Prof. Savelsberg: There are a number of surprising findings. One of the things that really impressed me was when I conducted my interviews among diplomats who were interested in negotiating deals with the Sudanese government to establish peace; with humanitarian aid people who were interested in getting their aid on the ground and collaborating, say, with the Sudanese ministry of health; and with human rights activists. To see the seriousness with which all of these actors, many of whom impressed me deeply, pursued what they were doing. How at the same time their views of the violence differed depending on the role that especially the Sudanese state played in their respective fields. Diplomats need to negotiate with the Sudanese state, humanitarian aid workers need to collaborate with administrative units of the Sudanese state, and human rights activists don’t do that. But many of these people had been to Darfur, they had worked on the ground, they had also – the same is true for Africa correspondents – left the comfort of their homes in Philadelphia or Berlin or London only to spend years in rather tough settings, to witness situations that are not easy for people to bear. So many of these people impressed me profoundly. At the same time, I took note that each of them had a different view of the violence on the ground. So this is, if you want, a kind of sociology of knowledge exercise. You see how the world and events in the world take different shape, appear in a different light, when seen through different lenses, through different frames. So that’s one thing that surprised me and then there were many little observations pertaining to national particularities. For example we found in our media analysis that the term genocide was used relatively rarely in German news reports, which to me was counter intuitive, given Germany’s history of the Holocaust. But, in the interviews I conducted, I got a number of suggestions as to how to interpret such a finding. One Africa correspondent for a prominent German newspaper said that when he thought of genocide, he categorised the Holocaust under that label, and while knowing how horrific things were in Darfur, he had a hard time placing Darfur under the same category where in his mind the Holocaust was already placed. Or, the director of a major national Holocaust memorial institution in Germany said that the Americans could draw parallels between the Holocaust and Darfur – and this is a man who is a Rabbi and a son of an Auschwitz survivor – but as Germans, he said, we could not do that because as soon Germans drew a parallel between the Holocaust and events such as Darfur people would accuse them of trying to relativize what happened during the Holocaust. So there are cultural sensitivities in specific countries — and this is just one example from the German part of the study — that filter and generate caution towards the use of certain terms. Clearly Germany differs from the United States, for example, where the use of the term genocide and metaphorical bridging to the Holocaust was used very generously, and the explanation is relatively simple. It has to do with the strength of the Save Darfur movement in the US, and this strength had to do with the fact that there were a number of, in Weberian or Mannheimian terms, carrier groups that identified with the cause of Darfur. So there were African Americans who identified with the victims who were defined as ‘black Africans’. There were American Jews who, after the Holocaust Memorial Museum in Washington issued a genocide alert, identified with this cause, and there were evangelical Christians on the conservative side of the political spectrum who had done a lot of missionary work, not in Darfur but in South Sudan, but who therefore were quite sensitive to human rights violations in that country. So you have Germany and the United States as two examples where country specific sensitivities and carrier groups contribute to a different reception of the events in Darfur. At the same time both the United States and Germany were the two countries that stood out in terms of the intensity of reporting. German cultural sensitivities thus do not mean that German journalists didn’t take note, quite the opposite, despite their cautious use of the term genocide. The other noteworthy result is that indeed certain interventions by institutions like the ICC revived, every time they occurred, global interest in Darfur. The flattening of the pattern of attention that normally occurs soon after instances of mass violence was thus delayed by three or four years in the case of Darfur. The other noteworthy finding is that definitions by the criminal justice system are more strongly reflected in media reporting than the representation of events by diplomats or humanitarian aid organizations. Why this is the case is a separate question, and I have some ideas about this that I explore in the book. I have found similar patterns, by the way, on previous occasions like in my study on the My Lai massacre during the Vietnam War.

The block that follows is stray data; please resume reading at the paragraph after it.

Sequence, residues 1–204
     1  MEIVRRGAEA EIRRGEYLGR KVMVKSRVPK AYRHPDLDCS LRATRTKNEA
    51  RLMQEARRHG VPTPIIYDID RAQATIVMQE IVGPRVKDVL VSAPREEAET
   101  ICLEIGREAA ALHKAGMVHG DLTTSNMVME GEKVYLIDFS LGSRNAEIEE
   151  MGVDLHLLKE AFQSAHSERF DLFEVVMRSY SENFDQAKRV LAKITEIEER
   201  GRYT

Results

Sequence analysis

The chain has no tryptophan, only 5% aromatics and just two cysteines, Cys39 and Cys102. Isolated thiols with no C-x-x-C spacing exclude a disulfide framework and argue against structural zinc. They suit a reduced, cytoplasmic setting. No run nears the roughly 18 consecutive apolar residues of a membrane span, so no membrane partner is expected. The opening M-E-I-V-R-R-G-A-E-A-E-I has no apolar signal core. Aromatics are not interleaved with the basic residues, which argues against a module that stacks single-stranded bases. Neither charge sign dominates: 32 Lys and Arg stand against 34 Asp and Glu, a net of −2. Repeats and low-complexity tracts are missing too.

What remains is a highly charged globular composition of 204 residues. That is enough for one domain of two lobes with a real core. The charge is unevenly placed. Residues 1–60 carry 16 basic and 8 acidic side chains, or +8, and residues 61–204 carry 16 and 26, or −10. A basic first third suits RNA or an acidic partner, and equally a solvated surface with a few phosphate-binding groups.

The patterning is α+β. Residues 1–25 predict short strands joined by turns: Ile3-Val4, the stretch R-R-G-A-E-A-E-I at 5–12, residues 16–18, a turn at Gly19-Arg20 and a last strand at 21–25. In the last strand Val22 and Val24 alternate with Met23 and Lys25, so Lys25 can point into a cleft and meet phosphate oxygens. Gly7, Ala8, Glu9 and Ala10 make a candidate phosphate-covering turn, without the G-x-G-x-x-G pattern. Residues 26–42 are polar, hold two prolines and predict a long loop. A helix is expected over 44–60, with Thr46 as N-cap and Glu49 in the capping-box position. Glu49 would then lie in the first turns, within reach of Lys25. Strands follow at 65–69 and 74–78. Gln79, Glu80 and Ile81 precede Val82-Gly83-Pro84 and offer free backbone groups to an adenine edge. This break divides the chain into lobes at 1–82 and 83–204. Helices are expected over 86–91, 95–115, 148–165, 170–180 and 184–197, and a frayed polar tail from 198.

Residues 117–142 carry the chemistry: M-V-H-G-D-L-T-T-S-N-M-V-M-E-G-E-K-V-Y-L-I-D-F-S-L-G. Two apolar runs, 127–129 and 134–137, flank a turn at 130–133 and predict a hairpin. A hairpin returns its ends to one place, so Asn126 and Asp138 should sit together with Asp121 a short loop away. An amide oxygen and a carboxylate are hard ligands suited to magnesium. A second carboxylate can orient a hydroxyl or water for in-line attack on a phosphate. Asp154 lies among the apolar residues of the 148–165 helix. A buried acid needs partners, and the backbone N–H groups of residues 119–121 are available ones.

Wahutu: What message do you hope a reader of your book gets from it when they read it?